By Andrew Eppich
Financial institutions in Canada and around the world are facing increased pressure to transform their offerings and systems to remain competitive and relevant with quickly evolving customers. Additionally, with continued pressure from rapidly evolving regulations, increased competition and the financial impact of the COVID-19 pandemic, the banks, credit unions and other financial service providers have had to accelerate their digital transformation plans deploying hybrid public and private cloud architectures.
According to Equinix’s latest Globe Interconnect Index Vol. 5, Toronto and Montreal are tied as the second fastest growing edge metros in North and South America behind Mexico City. Toronto is forecast to continue to be the largest metro in Canada, with growth led by Financial Services. As more customers expect digital first services such as instant payment services like Apply Pay and as e-transfers eclipse cheques as the standard way to send payments, Canada’s financial service providers will need to rethink how they approach their infrastructure needs.
As such, banks in Canada and around the world will need to make their digital infrastructure more flexible and distributed through hybrid and sustainable digital infrastructure. However, that is often easier said than done. What can they do to meet customers evolving need for digital-first services, improve agility, while future-proofing their infrastructure and embracing a sustainable approach?
Core, edge, and ecosystems are driving modern digitalization
In today’s digital economy, the most agile and adaptive business generally wins. A fixed approach to infrastructure that most financial institutions operate through is no longer feasible or sustainable.
As banks evolve and expanding their businesses locally and globally, continuing to operate traditional infrastructure that wasn’t built using sustainability innovations can be detrimental from a carbon emissions perspective. Optimizing digital infrastructure to thrive sustainably in the future economy is the next step.
Many financial institutions are shifting their digital cores into vendor-neutral colocation facilities to enable a hybrid multicloud approach to maximize agility and realize greater efficiencies. Moving into the cloud, allows them to decommission some data centres while still running certain workloads with special security requirements on-premises.
This means banks can strike the right balance of gaining an agile infrastructure in the cloud, while meeting the strict regulatory requirements around data by leveraging their on-prem direct and secure, private interconnection.
From a sustainability perspective, there are “sunk costs” that come with operating a legacy / traditional data centre. Firstly, many of the existing data centres weren’t built using the latest sustainability innovations. A hyperconverged infrastructure can help organizations meet their sustainability goals by run applications on fewer servers as well as adopting the latest cooling solutions employed within next-gen data centres.
The best experience for end users of financial institutions can’t be provided by relying solely on the core. To deliver the best user experience possible, transactions need to be distributed through infrastructure at the edge, allowing them to be processed in proximity to the customers and devices that initiate those transactions.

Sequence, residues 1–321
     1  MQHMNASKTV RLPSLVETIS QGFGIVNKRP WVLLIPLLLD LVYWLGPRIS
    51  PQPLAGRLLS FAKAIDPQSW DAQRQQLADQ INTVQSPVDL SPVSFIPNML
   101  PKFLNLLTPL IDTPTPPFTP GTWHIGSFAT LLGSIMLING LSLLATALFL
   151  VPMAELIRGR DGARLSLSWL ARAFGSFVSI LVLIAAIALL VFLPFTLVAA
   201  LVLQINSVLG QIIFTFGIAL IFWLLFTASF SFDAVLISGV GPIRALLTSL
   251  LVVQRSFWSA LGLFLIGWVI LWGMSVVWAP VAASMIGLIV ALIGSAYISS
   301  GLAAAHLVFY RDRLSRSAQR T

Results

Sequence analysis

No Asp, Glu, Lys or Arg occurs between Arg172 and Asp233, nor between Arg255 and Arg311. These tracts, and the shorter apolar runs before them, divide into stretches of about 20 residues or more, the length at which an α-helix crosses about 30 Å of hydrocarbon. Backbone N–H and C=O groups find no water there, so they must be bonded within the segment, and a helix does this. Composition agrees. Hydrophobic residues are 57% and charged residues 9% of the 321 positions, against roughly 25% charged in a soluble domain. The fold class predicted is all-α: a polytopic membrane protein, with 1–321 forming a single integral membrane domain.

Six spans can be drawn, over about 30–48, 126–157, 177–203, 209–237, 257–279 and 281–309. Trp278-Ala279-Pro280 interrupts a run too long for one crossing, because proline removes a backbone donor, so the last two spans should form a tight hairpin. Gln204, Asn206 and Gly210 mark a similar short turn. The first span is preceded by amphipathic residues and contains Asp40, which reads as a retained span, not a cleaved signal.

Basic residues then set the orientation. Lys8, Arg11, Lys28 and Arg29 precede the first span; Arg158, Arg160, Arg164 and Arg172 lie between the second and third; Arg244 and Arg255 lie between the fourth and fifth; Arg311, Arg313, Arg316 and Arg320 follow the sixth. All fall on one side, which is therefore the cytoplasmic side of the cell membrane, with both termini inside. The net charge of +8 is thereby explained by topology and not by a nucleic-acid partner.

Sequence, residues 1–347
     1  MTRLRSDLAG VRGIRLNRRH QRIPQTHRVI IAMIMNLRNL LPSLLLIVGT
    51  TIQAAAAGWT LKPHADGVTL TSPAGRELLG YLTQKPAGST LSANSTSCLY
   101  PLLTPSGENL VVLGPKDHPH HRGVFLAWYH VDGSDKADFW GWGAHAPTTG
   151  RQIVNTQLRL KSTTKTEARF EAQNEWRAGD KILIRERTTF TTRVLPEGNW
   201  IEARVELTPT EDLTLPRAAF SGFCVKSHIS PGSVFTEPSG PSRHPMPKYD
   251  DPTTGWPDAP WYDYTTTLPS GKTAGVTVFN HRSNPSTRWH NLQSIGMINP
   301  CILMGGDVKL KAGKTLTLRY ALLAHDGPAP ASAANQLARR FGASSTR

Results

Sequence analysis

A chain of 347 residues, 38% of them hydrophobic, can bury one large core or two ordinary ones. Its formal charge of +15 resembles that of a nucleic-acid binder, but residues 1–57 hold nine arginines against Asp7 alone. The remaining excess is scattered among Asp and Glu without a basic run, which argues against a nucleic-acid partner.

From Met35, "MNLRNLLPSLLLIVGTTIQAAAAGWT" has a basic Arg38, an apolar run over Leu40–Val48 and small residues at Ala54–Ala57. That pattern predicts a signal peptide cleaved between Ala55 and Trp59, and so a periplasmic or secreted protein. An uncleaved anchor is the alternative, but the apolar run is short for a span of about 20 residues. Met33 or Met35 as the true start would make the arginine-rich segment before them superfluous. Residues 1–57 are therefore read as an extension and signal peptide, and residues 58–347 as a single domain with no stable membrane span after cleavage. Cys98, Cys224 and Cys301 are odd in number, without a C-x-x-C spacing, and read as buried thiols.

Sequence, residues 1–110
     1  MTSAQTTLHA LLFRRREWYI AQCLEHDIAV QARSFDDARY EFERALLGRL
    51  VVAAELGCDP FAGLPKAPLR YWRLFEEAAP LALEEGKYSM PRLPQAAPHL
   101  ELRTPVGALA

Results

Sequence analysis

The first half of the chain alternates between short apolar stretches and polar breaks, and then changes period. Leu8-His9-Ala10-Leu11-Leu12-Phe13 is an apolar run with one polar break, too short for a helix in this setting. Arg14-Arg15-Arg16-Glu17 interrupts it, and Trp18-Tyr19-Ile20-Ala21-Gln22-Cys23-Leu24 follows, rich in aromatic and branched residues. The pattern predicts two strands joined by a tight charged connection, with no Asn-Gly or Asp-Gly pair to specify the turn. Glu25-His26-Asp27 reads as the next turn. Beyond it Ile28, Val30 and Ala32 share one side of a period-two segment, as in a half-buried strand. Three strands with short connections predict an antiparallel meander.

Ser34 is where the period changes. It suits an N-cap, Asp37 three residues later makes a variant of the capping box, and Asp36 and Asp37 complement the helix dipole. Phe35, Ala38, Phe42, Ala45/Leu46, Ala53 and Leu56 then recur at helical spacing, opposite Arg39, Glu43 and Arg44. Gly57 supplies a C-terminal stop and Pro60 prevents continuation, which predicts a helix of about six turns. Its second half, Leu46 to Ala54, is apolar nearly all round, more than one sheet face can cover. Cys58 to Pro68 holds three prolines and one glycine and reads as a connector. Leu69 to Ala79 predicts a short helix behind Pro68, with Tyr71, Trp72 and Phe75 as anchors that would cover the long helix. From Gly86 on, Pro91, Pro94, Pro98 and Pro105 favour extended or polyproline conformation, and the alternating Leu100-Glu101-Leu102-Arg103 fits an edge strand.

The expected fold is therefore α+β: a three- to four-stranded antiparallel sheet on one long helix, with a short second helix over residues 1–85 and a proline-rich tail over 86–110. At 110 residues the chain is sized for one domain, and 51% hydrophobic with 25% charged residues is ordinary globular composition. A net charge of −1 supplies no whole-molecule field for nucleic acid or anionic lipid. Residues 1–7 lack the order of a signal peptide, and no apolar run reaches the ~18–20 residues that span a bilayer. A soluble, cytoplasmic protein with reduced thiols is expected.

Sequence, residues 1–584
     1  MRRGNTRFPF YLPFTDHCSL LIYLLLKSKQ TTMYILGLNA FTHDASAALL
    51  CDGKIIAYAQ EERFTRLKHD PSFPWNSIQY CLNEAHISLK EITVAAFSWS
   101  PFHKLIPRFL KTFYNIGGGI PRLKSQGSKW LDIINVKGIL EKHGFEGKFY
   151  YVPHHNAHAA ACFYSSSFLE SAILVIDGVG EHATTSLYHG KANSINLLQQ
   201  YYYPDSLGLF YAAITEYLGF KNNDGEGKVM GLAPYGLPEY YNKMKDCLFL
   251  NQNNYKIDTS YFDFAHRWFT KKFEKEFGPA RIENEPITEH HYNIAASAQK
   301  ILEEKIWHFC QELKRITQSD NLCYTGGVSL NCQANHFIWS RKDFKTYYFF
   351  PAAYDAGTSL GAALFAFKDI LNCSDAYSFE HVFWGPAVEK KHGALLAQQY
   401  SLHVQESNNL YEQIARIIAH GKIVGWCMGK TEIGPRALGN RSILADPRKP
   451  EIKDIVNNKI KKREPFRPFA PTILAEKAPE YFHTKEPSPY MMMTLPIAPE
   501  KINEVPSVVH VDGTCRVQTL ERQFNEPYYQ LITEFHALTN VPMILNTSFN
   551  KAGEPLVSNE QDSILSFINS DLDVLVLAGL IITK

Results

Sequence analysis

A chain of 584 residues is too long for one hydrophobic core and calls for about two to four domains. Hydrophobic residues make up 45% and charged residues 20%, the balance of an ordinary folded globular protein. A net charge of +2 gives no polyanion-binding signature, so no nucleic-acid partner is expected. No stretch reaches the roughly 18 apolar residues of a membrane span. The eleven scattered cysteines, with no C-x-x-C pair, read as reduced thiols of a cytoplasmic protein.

For Canadian organizations, there are data privacy and sovereignty regulations requiring data to be processed and stored locally. This means financial institutions are building out their edge infrastructures to meet regulatory requirements. To reduce the carbon footprint impact, many of these facilities are being built to run on local renewable energy sources, such as wind or solar power.
For example, Equinix’s TR2 facility in Toronto leverages a deep lake water cooling system to reduce its power consumption. By using the city’s system to draw water from the cold depths of Lake Ontario, Equinix reduces fossil fuel energy needs by 50% or more and obviates the need for make-up water intensive heat rejection systems like cooling towers.
As hybrid multi-cloud grows more important in the financial services sector, being able to connect with more global partners quickly and securely is important as well. Implementing a simplified platform that allows financial institutions to access multiple digital and business ecosystems physically and virtually — and does not compromise performance, reliability, security or control — would be the ideal integration.
Additionally, a software-defined interconnection provides an agile, high-performance option that allows financial institutions to spin up new secure virtual connections to multiple clouds on demand via a single physical port, without the need for additional physical hardware investments. Canadian financial institutions are already shifting to the public cloud and taking advantage of sustainable innovations from partner ecosystems, further decreasing carbon footprints and helping their customers meet their own sustainability goals.
In today’s digital economy, speed and agility can be competitive differentiators; but to be THE leader, financial institutions must take a balanced approached in transforming their services and underlying infrastructure. Doing so means meeting today’s consumers changing needs with a great end-user experience, future-proofing systems for tomorrow’s challenges, while improving embracing innovative solutions that allows them to meet increasingly aggressive sustainability goals.
Andrew Eppich is Managing Director, Equinix Canada.